15. 15. 2014 ROTARY INTERNATIONAL CONVENTION JUNE 2, 2014 Steps to Organize a Community Service Project Based on the pilot project “child spacing and family health program” in Nigeria 5
  16. 16. 2014 ROTARY INTERNATIONAL CONVENTION JUNE 2, 2014 PROJECT INITIATION • Find out unmet real needs by conducting a community Needs Assessment • Conduct baseline survey of the area or a Rapid Rural Appraisal • Conduct situation analysis of health facilities/staff production of map of local government area with health post, local gynecological health clinics, NGOs and traditional healers 6
  17. 17. 2014 ROTARY INTERNATIONAL CONVENTION JUNE 2, 2014 PROJECT INITIATION • Integrate women in development clubs, associations and health committees • Embark on mobilization and reorientation of existing health, and health related staff of all categories Information, education and communication 7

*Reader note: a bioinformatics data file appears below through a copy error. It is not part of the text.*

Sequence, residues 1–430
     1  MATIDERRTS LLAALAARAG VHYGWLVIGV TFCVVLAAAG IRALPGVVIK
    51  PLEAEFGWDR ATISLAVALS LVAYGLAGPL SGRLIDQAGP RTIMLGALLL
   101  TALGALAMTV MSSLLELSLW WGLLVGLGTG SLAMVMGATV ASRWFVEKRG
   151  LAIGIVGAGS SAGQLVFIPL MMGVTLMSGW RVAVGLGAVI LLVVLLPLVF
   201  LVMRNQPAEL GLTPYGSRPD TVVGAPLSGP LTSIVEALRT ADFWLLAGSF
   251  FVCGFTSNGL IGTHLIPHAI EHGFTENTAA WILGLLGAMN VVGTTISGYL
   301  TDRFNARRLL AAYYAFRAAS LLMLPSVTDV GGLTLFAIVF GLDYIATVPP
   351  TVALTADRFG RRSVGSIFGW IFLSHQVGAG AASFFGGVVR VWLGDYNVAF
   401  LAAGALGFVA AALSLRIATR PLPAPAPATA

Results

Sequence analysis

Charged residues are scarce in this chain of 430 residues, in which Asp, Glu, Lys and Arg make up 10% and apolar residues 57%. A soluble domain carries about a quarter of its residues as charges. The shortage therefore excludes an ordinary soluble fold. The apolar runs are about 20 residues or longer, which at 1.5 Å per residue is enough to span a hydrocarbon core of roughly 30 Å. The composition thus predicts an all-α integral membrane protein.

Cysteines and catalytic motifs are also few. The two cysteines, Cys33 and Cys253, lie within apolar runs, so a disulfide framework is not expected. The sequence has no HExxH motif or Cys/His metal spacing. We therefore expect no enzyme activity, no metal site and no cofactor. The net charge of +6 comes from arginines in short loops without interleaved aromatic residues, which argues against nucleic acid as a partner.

18. 18. 2014 ROTARY INTERNATIONAL CONVENTION JUNE 2, 2014 • Local religious leaders, traditional rulers, and chiefs, District heads, Village and Wards heads. • Local and State government administrators, health departments of local governments • Town criers, health committees and influential opinion leaders /NGOs • Teaching and specialist hospitals, State hospitals and Local government health clinics. ESTABLISH COMMUNITY PARTICIPATION THROUGH 8
  19. 19. 2014 ROTARY INTERNATIONAL CONVENTION JUNE 2, 2014 • Public Awareness Campaign and Advocacy • Training and capacity building of Health Workers • Counseling and Contraceptive Distribution • Equipment procurement and Maintenance • Quality Assurance PROJECT IMPLEMENTATION: APPLY THE FIVE PILLARS 9
  20. 20. 2014 ROTARY INTERNATIONAL CONVENTION JUNE 2, 2014 • Institute good record keeping and train recorders • Keep accurate client records books and provide clients with personal record • Provide monthly return forms PROJECT SUPERVISION 10
  21. 21. 2014 ROTARY INTERNATIONAL CONVENTION JUNE 2, 2014 • Ensure adequate supply of all available materials recommended for program • Arrange regular visits to project hospitals and local government clinics by Rotarians and Rotary leaders • Service providers with other officers in charge of health clinics PROJECT SUPERVISION 11